1863

“. . . they [the North Carolina secessionists] promised us that if war should ensue, they would go to the battlefield, and spill, if necessary, the last drop of their blood in the cause of their beloved South. . . . As regards their promise ‘to go to the war and spill the last drop of their blood in the cause of their beloved South,’ I will say nothing. Every body knows how the Secessionists of North-Carolina have kept that promise. Every body knows that the leaders, with a few honorable exceptions, will neither fight nor negotiate. . . .”

Richard Spaight Donnell [1820 – 1867], a delegate from Beaufort County at the 1861 – 62 North Carolina Secession Convention; printed in RALEIGH (N.C.) STANDARD, of July 31, 1863.

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DECLARATION BY THE CHOWAN BAPTIST ASSOCIATION OF NORTH CAROLINA, 1863

In 1863, the Association decided that a church should not hold in fellowship colored members who had run off from their owners for Yankee freedom and protection.”

from: James A. Delke, compiler, THE HISTORY OF THE NORTH CAROLINA CHOWAN BAPTIST ASSOCIATION, 1806-1881, Raleigh, NC: Edwards, Broughton & Co., Publishers. 1882]

PUBLISHED BY ORDER OF THE ASSOCIATION

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On Sunday night, 22 February 1863 “twelve of the Confederate prisoners confined in the pens at Camp Douglas (Chicago) were frozen to death. On Monday morning they were found in the miserable handful of hay in their bunks frozen stiff, though to all appearances in the enjoyment of perfect health the day previous.” CHICAGO TIMES, Chicago, IL at reported in the HOUSE JOURNAL, Volume 6, page 142 on 27 February 1863.

1864

The great popular heart is not now, and never has been in this war. It is a revolution of Politicians, not the people; and is fought at first by the natural enthusiasm of our young men and has been kept going by State and sectional (the Confederate States of America) power, assisted by that bitterness of feeling produced by the cruelties and brutalities of the enemy.”

[These two sentences appear in a letter from North Carolina’s Civil War Governor Zebulon Vance to a friend written in September 1864; as cited by W. K. Boyd, “William W. Holden: Part II – Secession and Peace Movement,” in THE TRINITY COLLEGE HISTORICAL PAPERS. Series III [Durham, NC: Historical Society of Trinity College, 1899]: 69.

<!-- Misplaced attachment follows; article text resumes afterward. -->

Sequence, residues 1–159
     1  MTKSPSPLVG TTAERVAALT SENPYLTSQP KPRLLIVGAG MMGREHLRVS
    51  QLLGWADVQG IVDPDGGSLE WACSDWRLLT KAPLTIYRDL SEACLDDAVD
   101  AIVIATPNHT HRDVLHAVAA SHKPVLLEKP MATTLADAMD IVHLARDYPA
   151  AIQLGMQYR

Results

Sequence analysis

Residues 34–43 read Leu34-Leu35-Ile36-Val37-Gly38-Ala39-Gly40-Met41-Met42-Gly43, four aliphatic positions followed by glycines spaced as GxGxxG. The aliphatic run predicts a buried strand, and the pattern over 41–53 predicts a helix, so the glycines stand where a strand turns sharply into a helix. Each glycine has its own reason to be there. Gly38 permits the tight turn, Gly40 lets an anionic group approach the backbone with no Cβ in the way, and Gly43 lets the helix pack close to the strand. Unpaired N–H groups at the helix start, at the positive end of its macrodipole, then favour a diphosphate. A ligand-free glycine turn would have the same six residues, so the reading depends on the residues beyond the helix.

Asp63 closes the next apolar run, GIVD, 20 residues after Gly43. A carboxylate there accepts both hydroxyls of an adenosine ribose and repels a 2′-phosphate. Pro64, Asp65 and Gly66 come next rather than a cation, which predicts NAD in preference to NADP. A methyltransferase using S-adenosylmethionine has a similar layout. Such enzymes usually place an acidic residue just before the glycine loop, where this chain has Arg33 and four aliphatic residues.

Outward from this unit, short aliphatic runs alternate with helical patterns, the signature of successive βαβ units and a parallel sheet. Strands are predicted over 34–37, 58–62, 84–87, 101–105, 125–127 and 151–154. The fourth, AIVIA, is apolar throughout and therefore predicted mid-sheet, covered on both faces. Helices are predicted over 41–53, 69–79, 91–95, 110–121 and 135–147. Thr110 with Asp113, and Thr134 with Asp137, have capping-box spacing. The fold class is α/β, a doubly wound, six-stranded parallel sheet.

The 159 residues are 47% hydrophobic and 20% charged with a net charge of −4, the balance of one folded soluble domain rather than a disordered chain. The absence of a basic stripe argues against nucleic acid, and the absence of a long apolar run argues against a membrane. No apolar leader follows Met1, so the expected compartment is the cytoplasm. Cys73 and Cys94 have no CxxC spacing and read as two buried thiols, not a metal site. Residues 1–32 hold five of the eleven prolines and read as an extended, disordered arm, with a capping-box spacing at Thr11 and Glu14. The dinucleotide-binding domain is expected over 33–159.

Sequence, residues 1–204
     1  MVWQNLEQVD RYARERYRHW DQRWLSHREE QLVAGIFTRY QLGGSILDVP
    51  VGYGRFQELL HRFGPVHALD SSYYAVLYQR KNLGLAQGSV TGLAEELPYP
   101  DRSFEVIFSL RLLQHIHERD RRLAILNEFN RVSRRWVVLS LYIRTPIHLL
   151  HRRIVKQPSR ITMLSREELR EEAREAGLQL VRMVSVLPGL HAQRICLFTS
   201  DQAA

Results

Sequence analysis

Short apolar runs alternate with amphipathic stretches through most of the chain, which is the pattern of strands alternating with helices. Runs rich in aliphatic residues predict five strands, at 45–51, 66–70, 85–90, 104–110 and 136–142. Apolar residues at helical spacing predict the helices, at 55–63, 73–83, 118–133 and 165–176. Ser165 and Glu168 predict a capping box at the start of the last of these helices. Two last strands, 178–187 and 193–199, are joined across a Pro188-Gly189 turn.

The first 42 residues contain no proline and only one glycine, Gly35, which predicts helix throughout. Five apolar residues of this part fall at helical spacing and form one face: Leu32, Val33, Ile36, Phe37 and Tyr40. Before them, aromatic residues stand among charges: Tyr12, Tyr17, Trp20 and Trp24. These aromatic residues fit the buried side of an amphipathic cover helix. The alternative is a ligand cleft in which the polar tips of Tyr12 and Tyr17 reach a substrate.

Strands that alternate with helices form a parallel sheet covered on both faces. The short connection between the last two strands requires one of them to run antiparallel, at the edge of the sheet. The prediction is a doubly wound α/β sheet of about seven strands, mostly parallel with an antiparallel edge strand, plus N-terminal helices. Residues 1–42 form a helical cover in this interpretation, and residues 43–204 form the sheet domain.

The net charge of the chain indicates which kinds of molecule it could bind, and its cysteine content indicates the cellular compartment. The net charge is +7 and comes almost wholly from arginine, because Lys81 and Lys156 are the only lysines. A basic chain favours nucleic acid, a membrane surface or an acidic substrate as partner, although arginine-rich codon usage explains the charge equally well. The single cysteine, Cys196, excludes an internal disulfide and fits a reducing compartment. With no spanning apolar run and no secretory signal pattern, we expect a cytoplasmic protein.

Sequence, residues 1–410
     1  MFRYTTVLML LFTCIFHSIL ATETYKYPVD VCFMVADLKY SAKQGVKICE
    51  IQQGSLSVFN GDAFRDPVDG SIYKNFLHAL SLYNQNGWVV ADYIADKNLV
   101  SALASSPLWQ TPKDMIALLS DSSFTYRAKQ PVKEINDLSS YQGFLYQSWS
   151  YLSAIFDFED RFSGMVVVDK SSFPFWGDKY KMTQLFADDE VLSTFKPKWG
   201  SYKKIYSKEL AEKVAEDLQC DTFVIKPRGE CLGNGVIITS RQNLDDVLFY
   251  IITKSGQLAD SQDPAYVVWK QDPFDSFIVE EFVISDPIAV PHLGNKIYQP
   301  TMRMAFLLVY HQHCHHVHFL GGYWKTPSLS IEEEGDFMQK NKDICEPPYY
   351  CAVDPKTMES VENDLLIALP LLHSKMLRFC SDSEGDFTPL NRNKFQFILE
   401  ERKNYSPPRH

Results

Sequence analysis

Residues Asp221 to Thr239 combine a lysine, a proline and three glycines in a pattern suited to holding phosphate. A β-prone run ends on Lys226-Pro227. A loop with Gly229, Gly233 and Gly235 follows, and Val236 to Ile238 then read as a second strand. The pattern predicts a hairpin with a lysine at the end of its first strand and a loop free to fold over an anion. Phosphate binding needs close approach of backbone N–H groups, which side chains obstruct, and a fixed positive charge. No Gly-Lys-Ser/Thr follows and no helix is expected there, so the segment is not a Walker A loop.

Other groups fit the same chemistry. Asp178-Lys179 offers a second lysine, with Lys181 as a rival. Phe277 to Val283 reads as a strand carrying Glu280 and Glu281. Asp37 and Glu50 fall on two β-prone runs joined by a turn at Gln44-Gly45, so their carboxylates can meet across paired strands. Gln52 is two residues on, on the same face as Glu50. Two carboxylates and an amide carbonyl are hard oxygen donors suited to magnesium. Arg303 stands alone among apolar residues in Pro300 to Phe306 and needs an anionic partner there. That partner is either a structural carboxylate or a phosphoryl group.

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“Men busy to-day killing swallows that fly low; partly for amusement, but more particularly for food they furnish. Are eaten raw before hardly dead. No, thank you, I will take no swallow.” Andersonville Prison, Georgia, May 24, 1864 from JOHN RANSOM’S DIARY [New York: Dell Publishing Co., 1963]: 74. On 19 March 1864 (p. 53) Ransom estimates that 18 to 20 men died each day; by 17 May 1864 (p.72), as the prison population rises to about 19,000, he estimates that 90 to 100 men died each day.

1865

You know perfectly well it was the wealthy men of the South who dragooned the people into Secession” President Andrew Johnson in 1865 speaking with a delegation of Virginians. As it turned out secession was the ONLY option the privileged men of the South, who held the exclusive power to decide, presented to the people for their consideration. In 1861, in North Carolina, the decision to secede and join the Confederacy was not submitted to a popular vote of the state’s legal voters in dramatic contrast with the referendums submitted to all the voters living in Virginia and Tennessee.

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It is amusing to observe how brave and firm some men become when all the danger is past.” William T. Sherman as cited in B. H. Liddell Hart, SHERMAN: SOLDIER, REALIST, AMERICAN, page 400.

1880

THE GRIM, HEART-WRENCHING PRICE OF A SECESSION WAR, 1861 – 1865